The topic of mental health has been growing in rural America. As any farmer or rancher can tell you, farm life can be demanding and stressful. It’s reaching a critical stage with coronavirus impacts on top of trade wars, natural disasters, depressed commodity prices, labor shortages, and other factors. Given these ongoing challenges, it’s no surprise that more farmers and farm families are experiencing stress and mental health issues.
In recognition of May as Mental Health Month, the American Farm Bureau Federation launched a comprehensive, easy-to-use online directory of resources for farmers, ranchers, and their families who are experiencing stress and mental health challenges.
The directory, which is on the Farm State of Mind website, features listings for crisis hotlines and support lines, counseling services, training opportunities, podcasts, videos, published articles and other resources in every U.S. state and Puerto Rico. Listings for crisis support, counseling and behavioral health resources that are available nationwide are also included.
“For far too long, farmers and ranchers have been trying to cope with increasing levels of stress on their own,” said AFBF President Zippy Duvall. “Our Farm State of Mind campaign is encouraging conversations about stress and mental health in farming and ranching communities. It is so important to spread the word that no one has to go it alone.
“This new online directory of stress and mental health resources in every state gives farmers, ranchers and rural communities a user-friendly, one-stop shop to find services in their area that can help them manage farm stress and find help for mental health concerns. Whether you’re looking for information about how to recognize and manage stress, trying to find counseling services in your area or are in need of crisis support, you can find help here.”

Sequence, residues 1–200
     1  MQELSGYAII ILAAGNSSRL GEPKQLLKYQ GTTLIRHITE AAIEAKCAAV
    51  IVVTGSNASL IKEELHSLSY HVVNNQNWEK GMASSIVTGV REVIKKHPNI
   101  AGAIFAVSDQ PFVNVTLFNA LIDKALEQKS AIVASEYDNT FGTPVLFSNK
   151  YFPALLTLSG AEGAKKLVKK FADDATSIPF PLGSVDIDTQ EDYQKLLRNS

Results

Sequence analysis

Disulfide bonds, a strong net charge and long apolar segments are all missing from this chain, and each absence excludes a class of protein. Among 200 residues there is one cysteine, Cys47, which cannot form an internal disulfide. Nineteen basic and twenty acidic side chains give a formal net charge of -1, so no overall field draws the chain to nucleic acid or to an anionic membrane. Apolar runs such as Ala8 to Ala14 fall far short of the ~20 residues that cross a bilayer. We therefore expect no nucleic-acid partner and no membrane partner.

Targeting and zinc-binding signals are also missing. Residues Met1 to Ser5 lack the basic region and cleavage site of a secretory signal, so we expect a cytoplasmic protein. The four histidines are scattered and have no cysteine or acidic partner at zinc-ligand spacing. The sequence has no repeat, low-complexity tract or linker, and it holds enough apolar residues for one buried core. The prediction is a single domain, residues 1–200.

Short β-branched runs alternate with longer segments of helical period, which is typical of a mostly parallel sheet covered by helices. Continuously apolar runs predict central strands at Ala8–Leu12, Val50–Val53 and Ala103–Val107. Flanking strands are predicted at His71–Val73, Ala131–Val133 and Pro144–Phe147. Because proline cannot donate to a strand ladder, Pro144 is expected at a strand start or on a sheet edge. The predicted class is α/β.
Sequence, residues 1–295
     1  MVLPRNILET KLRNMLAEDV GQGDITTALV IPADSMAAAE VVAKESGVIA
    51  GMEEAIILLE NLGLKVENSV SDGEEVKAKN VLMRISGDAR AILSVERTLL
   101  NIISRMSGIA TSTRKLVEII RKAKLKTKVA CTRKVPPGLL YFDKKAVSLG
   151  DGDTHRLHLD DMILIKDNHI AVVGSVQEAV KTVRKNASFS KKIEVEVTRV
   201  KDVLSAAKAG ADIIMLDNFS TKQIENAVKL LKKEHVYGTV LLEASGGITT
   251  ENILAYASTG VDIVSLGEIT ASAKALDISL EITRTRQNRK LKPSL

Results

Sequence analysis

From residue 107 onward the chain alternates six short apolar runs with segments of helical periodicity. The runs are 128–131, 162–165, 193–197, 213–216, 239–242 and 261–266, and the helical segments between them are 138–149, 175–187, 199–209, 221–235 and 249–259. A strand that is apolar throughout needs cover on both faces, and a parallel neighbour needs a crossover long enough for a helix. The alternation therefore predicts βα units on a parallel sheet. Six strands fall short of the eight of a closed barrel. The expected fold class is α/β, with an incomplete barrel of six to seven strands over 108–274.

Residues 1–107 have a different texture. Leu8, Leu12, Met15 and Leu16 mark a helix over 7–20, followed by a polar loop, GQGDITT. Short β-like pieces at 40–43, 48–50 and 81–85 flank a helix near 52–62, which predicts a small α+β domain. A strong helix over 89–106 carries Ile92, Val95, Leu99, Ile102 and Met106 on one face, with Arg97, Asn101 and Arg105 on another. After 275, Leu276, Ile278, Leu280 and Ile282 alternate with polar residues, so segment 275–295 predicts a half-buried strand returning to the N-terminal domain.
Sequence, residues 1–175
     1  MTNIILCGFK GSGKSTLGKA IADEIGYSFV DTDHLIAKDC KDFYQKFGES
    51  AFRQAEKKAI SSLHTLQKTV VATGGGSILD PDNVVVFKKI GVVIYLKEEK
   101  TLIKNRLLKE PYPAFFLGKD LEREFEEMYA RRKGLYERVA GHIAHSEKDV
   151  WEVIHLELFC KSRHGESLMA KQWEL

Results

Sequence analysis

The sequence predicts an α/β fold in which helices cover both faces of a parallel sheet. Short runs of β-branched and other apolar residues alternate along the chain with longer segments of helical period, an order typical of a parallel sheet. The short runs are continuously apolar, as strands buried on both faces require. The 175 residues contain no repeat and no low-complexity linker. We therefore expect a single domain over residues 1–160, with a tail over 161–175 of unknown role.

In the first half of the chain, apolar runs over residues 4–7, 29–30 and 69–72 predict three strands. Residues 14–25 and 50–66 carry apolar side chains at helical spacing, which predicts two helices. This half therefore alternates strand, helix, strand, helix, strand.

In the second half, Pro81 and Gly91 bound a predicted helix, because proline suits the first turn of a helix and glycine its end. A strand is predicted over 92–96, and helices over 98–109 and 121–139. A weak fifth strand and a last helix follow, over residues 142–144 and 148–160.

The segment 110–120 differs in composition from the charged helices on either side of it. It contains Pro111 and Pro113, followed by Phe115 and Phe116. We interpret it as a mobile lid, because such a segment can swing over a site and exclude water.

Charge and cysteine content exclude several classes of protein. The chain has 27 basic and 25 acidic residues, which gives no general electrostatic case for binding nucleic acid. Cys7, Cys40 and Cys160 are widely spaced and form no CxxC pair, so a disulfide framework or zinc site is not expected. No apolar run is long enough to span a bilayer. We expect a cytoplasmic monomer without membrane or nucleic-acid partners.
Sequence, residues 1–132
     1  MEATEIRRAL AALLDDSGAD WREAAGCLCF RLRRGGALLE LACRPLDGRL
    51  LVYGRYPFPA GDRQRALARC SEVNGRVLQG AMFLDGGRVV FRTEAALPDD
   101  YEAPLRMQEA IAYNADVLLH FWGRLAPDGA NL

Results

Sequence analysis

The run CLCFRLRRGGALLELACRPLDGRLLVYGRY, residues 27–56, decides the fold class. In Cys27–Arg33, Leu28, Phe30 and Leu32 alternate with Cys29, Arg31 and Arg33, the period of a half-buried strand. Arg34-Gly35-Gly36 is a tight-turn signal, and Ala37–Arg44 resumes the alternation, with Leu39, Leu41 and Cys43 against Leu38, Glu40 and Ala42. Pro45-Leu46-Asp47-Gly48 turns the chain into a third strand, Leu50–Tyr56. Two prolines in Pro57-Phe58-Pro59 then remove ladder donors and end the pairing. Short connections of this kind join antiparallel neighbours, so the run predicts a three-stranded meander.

National research polls conducted and published by AFBF in 2019 and 2021 showed that a number of factors including financial issues and the impact of the COVID-19 pandemic are impacting farmers’ mental health, highlighting the need to identify local resources that can help farmers and ranchers cope with chronic stress and mental health concerns.
The Farm State of Mind directory lists resources specifically geared toward farmers, ranchers, and rural communities in states where these specific services are available, with additional listings for county and statewide mental health and other support services in every state. The listings can be filtered by state and type of resource, including hotlines, counseling services and published information.
To celebrate Mental Health Month, AFBF partnered with the University of Georgia School of Social Work to research available resources across the U.S. and Puerto Rico and compile the comprehensive information included in the directory.
Farmers and ranchers are encouraged to share the directory with their family, friends and community networks to ensure widespread awareness of the availability of these important resources.